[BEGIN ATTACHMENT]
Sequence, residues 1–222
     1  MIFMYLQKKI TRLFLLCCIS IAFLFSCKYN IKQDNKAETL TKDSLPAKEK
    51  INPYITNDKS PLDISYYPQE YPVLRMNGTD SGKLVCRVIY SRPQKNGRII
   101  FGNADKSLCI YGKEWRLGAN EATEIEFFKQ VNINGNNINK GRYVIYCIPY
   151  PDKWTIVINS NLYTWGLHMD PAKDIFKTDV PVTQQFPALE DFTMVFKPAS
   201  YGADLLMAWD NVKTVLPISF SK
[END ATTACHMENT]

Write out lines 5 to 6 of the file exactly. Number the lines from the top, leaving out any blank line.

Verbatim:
   151  PDKWTIVINS NLYTWGLHMD PAKDIFKTDV PVTQQFPALE DFTMVFKPAS
   201  YGADLLMAWD NVKTVLPISF SK